Employers often have to deal with unique workplace issues relating to the Christmas–New Year period and summer school holidays. So, with Christmas just around the corner, it is opportune to re-visit some of the more common employment-related issues that can occur.
Industrial instrument determines penalty rate
The declaration of a public holiday by a state or territory government determines the day on which an employee has a day off with pay where the day falls on an employee’s normal work day, as well as an employee’s right to reasonably refuse to work on a declared public holiday. However, where work is performed by an employee on a designated holiday, the appropriate penalty rate for work performed on such a day is determined by the applicable industrial instrument (ie a modern award or enterprise agreement, or the employee’s contract of employment if the employee is award/agreement-free).
It is common for a workplace to shut down its operations over the Christmas–New Year period because of a reduction in business activity in that particular industry or because the majority of employees request to take annual leave. The NES does not provide for annual close down, except in the case of award/agreement-free employees (as per s94(5) of the Fair Work Act), although provision may be made in the applicable modern award.
The Manufacturing and Associated Industries and Occupations Award 2010 provides that an employer may close down the business for a period under the following circumstances:
- the employer gives at least 4 weeks’ notice of the intention to do so; and
- an employee who has accrued sufficient leave to cover the period of the close down, is allowed leave and also paid at the appropriate wage in accordance with the award; and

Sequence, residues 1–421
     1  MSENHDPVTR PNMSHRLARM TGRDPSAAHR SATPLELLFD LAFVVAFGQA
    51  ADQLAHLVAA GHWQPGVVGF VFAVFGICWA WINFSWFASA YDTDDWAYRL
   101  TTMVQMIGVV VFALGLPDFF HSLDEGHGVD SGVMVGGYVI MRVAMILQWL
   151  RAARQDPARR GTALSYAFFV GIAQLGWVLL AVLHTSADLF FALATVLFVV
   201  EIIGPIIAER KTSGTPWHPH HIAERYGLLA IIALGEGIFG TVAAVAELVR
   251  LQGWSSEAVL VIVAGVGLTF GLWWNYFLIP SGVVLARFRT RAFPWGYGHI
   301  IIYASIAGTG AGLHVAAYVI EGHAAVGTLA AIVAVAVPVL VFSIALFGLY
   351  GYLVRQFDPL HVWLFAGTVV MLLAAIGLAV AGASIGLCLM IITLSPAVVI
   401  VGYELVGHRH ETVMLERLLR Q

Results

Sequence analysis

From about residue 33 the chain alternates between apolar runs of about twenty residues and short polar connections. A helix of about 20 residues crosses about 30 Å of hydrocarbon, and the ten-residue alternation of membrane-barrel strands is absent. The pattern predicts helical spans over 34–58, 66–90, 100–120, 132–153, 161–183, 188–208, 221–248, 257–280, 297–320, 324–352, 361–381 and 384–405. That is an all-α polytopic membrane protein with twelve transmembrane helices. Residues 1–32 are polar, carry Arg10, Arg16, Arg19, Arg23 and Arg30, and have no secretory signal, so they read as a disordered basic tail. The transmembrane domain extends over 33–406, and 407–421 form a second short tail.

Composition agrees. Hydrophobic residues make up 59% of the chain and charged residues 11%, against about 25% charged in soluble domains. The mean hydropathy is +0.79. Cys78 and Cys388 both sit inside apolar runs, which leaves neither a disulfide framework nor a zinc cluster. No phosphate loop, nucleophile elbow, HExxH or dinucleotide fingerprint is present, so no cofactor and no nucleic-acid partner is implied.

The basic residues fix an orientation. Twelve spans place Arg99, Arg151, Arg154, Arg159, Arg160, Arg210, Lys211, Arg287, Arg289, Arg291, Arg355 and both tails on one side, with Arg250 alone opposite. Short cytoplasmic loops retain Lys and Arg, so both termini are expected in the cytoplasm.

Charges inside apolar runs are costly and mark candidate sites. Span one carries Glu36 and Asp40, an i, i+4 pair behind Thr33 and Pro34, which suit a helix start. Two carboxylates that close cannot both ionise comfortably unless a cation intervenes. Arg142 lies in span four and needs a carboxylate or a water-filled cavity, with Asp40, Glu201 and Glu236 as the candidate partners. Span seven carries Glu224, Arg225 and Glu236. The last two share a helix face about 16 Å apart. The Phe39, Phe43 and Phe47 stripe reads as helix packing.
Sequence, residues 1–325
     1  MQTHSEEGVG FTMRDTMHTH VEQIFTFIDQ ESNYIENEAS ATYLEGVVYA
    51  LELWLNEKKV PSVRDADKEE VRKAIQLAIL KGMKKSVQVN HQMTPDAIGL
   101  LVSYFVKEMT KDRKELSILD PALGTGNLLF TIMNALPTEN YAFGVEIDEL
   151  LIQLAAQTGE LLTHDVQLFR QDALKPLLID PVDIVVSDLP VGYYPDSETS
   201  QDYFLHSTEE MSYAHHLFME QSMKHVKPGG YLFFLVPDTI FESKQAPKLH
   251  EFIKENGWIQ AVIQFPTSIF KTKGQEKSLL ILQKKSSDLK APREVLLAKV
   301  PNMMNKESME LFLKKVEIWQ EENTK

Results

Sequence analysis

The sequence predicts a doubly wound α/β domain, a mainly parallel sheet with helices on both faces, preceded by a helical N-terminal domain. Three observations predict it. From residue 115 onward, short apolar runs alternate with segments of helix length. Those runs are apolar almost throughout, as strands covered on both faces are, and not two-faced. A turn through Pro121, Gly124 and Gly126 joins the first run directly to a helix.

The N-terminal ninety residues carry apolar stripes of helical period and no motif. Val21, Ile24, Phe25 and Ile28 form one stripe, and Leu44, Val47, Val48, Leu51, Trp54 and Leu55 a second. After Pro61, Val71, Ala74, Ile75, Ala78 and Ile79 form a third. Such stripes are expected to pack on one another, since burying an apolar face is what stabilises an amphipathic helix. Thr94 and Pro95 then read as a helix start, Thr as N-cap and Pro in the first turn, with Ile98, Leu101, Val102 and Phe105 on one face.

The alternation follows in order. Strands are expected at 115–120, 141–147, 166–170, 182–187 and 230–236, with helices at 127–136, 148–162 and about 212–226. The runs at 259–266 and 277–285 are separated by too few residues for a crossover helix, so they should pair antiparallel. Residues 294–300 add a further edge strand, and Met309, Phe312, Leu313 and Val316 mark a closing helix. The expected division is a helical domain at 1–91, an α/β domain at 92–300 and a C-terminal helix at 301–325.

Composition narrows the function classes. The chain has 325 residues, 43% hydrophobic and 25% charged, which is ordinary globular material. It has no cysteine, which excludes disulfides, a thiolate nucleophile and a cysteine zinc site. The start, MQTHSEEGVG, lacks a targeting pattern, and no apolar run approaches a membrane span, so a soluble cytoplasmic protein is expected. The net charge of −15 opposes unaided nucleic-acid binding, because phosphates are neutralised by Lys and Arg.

- an employee who has not accrued sufficient leave to cover part or all of the close down, is allowed paid leave for the period of which they have accrued sufficient leave and given unpaid leave for the remainder of the close down; and
- any leave taken as unpaid leave as part of a close down also counts as service by the employee with the employer; and
- the employer may only close down in two separate periods, although this arrangement can be changed by mutual agreement.
- Reference should be made to the applicable industrial instrument to determine whether the employer can implement a close-down of the business.
Annual leave requests
An employer may receive an increased number of requests for annual leave over the Christmas–New Year period. Under the Fair Work Act, an employer cannot unreasonably refuse to authorise an employee’s request to take annual leave, although any authorisation is subject to the ‘reasonableness’ test in Section 114 of the Fair Work Act 2009. While it may be convenient for an employer to allow employees to take leave during this period, an employer’s refusal to allow an employee to take annual leave may be reasonable where the employee is required to perform plant maintenance or other essential duties while other employees are absent from work.
Refusal to work on a public holiday
Section 114 of the Fair Work Act 2009 states that an employer may request an employee to work on a public holiday if the request is reasonable. Likewise, an employee can refuse to work on a public holiday if the employer’s request is not reasonable. In determining whether the employer’s request is reasonable, the following must be taken into account:
- the nature of the employer’s workplace and the nature of the employee’s work
- the employee’s personal circumstances
- whether the employee could reasonably expect the employer might request work on the public holiday
- whether the employee is entitled to receive overtime or other penalty payments that reflects the expectation to work public holidays
- the type of employment of the employee (eg whether full-time, part-time, casual or shift work)
- the amount of notice in advance of the public holiday given by the employer to the employee
- the amount of notice given by the employee when refusing a request to work on a public holiday.